Meat in a healthy diet and STECs at NZIFST conference

Red meat’s place in a healthy diet and STEC control are the subjects for this year’s two red meat minded sessions (B4 and C4) on the afternoon of Tuesday 5 July at the New Zealand Institute of Food Science and Technology (NZIFST) Conference in Rotorua.

Kaylene Larking: underpinning New Zealand’s $7.3 billion export sales of red meat products is a strong culture of research and development designed to increase returns for both processors and producers.
Kaylene Larking: underpinning New Zealand’s $7.3 billion export sales of red meat products is a strong culture of research and development designed to increase returns for both processors and producers.

Organiser of the meat sessions again this year is Rob Archibald, general manager of Taranaki Bio Extracts Ltd. Four speakers will focus on ‘Meat in a Healthy Diet’ in the first session, which he will chair. The Meat Industry Association’s Kaylene Larking will give an overview of three of the meat industry’s R&D and innovation programmes: Beef + Lamb Genetics, the Ovine Automation Consortium and MIA Innovation. All of the research is working together to build a sustainable future from farm to final product and to improve the safety of New Zealand meat and its workers, she says.

B+LNZ Inc’s new nutrition manager Emily Parks will talk about ‘The role of red meat in a child’s diet’, before Healthy Food Guide’s editor-in-chief Nikki Bezzant who will cover meat, health and the media. The final overseas speaker was yet to be confirmed, at the time of writing, but is understood to be a US expert in a webinar on red meat and cancer.

Control of shiga-toxin producing E.coli (STEC) bacteria, such as E.coli O157:H7, is really important to New Zealand for both food safety and market access reasons, says Dr Roger Cook of the Ministry for Primary Industries, chair of the second session (C4) devoted to this topic.

“Historically overseas, STECs from undercooked beef burgers and contaminated raw leafy green vegetables and seed sprouts have been implicated in large outbreaks of food-borne illness. Fortunately, that’s not the case in New Zealand, although the recent increase in consumption of raw drinking milk has seen several associated outbreaks of STEC illness, particularly in children,” he explains.

From the market perspective, all beef exported to the US that is intended for burger manufacture must be tested and test negative for STECs.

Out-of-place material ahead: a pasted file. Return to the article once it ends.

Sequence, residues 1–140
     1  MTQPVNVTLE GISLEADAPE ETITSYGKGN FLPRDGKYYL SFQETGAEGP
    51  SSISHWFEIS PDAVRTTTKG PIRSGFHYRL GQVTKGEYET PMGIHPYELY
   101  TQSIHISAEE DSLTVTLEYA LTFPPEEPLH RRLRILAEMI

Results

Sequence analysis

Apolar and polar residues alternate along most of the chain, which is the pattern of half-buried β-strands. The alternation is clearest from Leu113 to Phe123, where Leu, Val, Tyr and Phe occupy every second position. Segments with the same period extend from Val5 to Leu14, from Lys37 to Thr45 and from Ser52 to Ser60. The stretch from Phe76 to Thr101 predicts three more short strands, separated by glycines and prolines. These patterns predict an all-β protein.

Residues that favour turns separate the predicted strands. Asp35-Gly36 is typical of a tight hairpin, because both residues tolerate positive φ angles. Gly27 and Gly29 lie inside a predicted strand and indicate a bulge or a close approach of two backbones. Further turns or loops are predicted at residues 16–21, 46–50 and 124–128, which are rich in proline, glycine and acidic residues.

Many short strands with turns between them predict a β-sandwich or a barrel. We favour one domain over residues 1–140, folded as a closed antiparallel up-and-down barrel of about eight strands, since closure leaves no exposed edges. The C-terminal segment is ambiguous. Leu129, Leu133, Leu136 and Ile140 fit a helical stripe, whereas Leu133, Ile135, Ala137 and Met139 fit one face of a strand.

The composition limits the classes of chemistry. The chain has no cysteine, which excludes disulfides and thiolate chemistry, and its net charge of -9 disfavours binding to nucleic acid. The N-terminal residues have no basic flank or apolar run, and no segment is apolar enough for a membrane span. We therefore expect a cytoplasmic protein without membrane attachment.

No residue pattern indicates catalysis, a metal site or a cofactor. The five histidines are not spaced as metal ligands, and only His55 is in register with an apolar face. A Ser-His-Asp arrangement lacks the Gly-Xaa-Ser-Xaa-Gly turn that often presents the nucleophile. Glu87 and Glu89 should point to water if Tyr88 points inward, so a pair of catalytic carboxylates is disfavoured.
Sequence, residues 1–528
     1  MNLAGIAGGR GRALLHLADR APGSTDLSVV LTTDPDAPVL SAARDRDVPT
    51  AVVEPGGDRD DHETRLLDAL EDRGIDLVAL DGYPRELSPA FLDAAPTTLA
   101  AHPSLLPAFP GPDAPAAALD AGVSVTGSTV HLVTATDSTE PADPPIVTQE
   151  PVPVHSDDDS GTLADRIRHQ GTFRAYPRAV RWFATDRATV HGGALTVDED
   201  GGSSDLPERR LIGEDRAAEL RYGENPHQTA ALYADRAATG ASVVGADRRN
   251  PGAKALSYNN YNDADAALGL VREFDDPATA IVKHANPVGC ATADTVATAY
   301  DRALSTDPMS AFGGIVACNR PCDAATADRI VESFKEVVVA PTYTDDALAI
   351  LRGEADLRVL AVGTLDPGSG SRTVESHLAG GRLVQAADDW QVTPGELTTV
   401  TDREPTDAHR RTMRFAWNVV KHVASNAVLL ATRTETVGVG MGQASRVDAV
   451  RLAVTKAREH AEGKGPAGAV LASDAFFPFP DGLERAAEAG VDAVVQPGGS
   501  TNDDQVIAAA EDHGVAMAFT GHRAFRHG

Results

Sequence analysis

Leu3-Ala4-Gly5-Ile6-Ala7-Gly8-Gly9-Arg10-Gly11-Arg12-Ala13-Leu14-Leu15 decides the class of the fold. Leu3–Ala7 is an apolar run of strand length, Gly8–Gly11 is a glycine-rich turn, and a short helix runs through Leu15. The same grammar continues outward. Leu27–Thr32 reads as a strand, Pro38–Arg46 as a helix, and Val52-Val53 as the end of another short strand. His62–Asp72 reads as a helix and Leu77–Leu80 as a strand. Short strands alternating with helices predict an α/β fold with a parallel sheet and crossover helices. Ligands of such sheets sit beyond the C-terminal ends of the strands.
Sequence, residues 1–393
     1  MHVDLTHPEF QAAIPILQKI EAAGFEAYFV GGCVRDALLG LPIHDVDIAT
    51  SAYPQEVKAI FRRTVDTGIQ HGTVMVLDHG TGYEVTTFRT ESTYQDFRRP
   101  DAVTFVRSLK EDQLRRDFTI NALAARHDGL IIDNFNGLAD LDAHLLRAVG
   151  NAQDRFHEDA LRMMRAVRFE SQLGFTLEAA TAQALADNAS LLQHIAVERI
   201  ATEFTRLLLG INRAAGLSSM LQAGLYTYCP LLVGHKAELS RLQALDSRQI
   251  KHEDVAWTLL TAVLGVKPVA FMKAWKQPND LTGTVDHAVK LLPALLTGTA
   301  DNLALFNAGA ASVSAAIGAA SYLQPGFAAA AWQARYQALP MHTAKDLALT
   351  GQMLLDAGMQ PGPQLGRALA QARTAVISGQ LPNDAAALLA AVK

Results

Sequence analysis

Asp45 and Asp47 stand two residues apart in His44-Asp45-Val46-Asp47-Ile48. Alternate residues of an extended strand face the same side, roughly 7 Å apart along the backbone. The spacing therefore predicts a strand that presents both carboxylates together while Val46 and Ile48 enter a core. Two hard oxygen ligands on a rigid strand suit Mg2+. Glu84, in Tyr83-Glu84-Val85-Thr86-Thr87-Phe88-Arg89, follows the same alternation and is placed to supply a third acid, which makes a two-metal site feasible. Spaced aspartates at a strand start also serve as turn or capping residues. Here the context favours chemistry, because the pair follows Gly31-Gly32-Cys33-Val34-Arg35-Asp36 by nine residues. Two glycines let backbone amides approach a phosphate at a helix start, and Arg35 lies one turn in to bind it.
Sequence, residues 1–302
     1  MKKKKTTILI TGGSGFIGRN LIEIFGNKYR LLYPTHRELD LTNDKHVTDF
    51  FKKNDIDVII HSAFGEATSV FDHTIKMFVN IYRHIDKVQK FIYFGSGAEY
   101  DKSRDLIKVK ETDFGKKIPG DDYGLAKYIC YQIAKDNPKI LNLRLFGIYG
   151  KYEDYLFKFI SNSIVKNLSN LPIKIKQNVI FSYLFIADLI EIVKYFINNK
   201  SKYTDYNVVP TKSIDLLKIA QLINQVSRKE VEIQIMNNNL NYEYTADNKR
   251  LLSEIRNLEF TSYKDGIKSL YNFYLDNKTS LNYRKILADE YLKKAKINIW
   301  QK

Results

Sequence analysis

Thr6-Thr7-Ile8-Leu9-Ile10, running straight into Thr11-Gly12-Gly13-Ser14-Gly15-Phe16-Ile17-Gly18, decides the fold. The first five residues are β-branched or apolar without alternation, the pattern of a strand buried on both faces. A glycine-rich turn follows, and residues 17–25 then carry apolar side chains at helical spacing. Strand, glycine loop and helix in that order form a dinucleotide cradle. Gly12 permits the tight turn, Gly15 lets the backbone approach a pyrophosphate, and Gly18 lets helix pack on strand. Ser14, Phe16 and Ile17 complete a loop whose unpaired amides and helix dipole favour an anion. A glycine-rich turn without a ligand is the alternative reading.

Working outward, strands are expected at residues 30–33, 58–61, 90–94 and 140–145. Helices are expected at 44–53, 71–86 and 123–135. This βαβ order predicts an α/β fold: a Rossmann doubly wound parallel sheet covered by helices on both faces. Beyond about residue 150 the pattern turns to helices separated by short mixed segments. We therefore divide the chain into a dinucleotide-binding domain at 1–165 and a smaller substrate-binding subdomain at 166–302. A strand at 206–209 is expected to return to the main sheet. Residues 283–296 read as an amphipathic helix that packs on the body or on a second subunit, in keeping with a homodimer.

Texas A&M University’s Dr Gary Acuff will present on the latest STEC control strategies used in the US.
Texas A&M University’s Dr Gary Acuff will present on the latest STEC control strategies used in the US.

“The New Zealand meat industry and MPI have a comprehensive risk management programme of research and control measures to minimise the risk to our exports,“ he explains, adding that Dr Gary Acuff  (left) from Texas A&M University will present  information on the latest control strategies for STECs used in the US.

Other speakers in the STEC session, Andrew Brown and Delphine Rapp/Adrian Cookson of Massey University and AgResearch respectively, will cover studies looking at the prevalence of STECs on-farm and how they move between livestock and the farm environment.

Other sessions and speakers that will be of interest to meat industry people going to the conference are:

  • Wednesday 6 July – D3-3 Scion, the power of packaging; D3-4 Angel Bay Case Study, Rob Archibald; D4 – a joint voyage partnering for innovation (AgResearch scientists Mustafa Farouk, Emma Bermingham, Santanu Deb-Choudary, Marlon Reis); F3-4 Mike Boland, Riddet Institute, Novel technologies to improve the texture of meat, F1 ‘tracking the journey’; and G1 ‘Navigating the listeria challenge: (Food Act/Animal Products Act)
  • Thursday 7 July – H1 traceability workshop.

The 41st NZIFST Conference 2016 will take place from 4 to 7 July at the Rotorua Energy Events Centre. Its theme this year is ’Setting direction – journey from a position of strength’. See www.nzifst.org.nz/conference.asp for registration and other information.

This article appeared in Food NZ magazine (June/July 2016) and is reproduced here with permission.

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